House panel for sharing Prasar Bharati deficit | delhi | Hindustan Times
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House panel for sharing Prasar Bharati deficit

The parliamentary Standing Committee is considering three strategies to meet the deficit amount by Prasar Bharati over the last three fiscals, reports Srinand Jha.

delhi Updated: Sep 05, 2007 02:12 IST
Srinand Jha

The parliamentary Standing Committee is considering three strategies to meet the deficit amount by Prasar Bharati over the last three fiscals by ensuring all players in the broadcasting sector come on board to share the “social obligation”.

In its 47th report, the committee has advocated a levy of the Public Broadcasting Service Fee (PBSF) on the lines of the Universal Service Obligation Fund in the telecom sector, besides financing of programmes sponsored by ministries, state governments and public sector undertakings. They have also mentioned a third funding option through the collection of license fee on TV sets.

With Prasar Bharti in the doldrums and a cumulative deficit amount of Rs 5,540.22 crore during the three years beginning 2003-04 on record, in spite of the government providing 70 per cent of funds required by the public sector corporation under Plan and Non-Plan allocations, the concept of autonomy has become jaded and professionalism has suffered, the report observed.

“Out of the stipulated 15 members of the Board, only six were in position as on December 4, with key posts... remaining vacant. The new CEO joined the corporation in January after the post having remained vacant for more than six months,” it stated.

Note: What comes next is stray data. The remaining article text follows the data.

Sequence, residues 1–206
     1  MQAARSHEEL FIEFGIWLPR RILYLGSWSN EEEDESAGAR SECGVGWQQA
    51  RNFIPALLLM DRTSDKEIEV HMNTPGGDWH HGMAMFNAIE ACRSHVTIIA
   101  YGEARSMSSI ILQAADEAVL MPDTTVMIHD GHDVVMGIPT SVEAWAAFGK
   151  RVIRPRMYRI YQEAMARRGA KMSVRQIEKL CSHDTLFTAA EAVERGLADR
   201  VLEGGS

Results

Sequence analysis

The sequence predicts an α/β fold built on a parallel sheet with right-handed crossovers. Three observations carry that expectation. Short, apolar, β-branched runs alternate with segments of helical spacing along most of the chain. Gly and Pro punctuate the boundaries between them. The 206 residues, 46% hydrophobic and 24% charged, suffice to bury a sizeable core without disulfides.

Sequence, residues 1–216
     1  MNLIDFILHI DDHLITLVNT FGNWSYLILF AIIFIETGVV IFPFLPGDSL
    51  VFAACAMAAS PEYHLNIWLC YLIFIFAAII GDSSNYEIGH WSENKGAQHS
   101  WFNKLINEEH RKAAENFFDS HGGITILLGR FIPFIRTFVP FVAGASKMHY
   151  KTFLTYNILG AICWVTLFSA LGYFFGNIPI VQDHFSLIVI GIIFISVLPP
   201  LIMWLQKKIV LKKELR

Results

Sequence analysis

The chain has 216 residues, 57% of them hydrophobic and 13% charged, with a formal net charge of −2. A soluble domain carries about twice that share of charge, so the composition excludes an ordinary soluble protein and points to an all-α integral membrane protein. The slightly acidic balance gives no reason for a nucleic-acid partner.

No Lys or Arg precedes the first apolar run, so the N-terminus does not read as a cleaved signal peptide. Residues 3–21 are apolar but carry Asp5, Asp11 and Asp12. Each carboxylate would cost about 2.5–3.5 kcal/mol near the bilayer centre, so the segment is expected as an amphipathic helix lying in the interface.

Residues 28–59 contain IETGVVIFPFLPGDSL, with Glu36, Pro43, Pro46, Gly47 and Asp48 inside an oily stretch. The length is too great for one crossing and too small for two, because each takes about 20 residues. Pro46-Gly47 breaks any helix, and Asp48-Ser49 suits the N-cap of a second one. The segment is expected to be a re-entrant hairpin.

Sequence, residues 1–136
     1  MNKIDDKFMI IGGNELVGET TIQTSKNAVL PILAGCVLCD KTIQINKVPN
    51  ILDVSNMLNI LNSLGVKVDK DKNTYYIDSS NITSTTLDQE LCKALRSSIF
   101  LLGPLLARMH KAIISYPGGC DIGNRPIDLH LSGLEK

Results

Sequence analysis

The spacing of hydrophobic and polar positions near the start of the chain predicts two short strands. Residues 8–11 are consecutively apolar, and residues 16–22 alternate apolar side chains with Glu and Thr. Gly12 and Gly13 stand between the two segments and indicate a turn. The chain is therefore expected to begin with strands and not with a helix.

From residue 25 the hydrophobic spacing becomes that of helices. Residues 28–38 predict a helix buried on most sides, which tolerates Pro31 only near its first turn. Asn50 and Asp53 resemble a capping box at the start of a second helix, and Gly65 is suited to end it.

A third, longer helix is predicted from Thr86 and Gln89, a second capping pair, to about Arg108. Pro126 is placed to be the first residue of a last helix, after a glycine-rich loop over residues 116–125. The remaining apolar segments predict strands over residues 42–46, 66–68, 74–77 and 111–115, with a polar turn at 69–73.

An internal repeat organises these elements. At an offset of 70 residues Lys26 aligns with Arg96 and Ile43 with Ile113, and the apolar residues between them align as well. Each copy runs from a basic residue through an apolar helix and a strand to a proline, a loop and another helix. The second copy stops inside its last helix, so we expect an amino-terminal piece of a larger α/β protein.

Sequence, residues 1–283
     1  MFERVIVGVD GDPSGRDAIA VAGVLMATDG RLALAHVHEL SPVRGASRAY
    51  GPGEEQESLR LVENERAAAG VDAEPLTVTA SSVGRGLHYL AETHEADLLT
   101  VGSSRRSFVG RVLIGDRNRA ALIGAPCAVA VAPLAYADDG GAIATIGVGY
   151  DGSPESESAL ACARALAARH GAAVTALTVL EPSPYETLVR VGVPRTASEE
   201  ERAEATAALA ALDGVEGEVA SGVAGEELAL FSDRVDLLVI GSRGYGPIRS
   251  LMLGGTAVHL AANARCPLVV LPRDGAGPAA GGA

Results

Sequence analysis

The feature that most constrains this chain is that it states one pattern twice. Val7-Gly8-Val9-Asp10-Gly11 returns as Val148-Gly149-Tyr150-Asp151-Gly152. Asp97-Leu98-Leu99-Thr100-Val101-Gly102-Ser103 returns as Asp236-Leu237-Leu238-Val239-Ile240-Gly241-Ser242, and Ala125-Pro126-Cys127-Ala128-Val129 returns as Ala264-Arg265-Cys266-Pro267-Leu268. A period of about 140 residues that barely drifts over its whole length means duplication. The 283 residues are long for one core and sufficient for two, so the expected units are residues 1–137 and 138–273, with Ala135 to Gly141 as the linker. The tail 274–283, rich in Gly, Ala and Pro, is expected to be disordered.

The rationale put forward for the levy of PBSF is that every channel should be given the mandate to set aside 10 per cent of time for public sector broadcasting and the fee should be levied on them to the extent they fail to meet the obligation. On a rough estimate, the amount to be realized by PBSF is expected to be to the tune of Rs 800 crore.

The Standing Committee on Information and Technology, headed by Lok Sabha MP Nikhil Kumar, observed the existing state of affairs is uninspiring, and the government must consider these alternatives and bring things to a logical conclusion. “Capital and financial restructuring plans have remained on the drawing board and future needs for inducting innovative technologies have largely not been addressed,” the report said.